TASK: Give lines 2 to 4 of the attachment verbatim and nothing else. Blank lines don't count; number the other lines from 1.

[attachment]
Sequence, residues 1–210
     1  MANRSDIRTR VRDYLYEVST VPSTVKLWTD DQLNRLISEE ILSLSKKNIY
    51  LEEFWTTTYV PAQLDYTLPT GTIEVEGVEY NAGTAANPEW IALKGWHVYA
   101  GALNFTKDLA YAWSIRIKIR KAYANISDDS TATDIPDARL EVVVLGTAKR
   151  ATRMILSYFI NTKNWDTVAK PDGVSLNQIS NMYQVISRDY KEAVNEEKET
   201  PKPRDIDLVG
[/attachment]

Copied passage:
     1  MANRSDIRTR VRDYLYEVST VPSTVKLWTD DQLNRLISEE ILSLSKKNIY
    51  LEEFWTTTYV PAQLDYTLPT GTIEVEGVEY NAGTAANPEW IALKGWHVYA
   101  GALNFTKDLA YAWSIRIKIR KAYANISDDS TATDIPDARL EVVVLGTAKR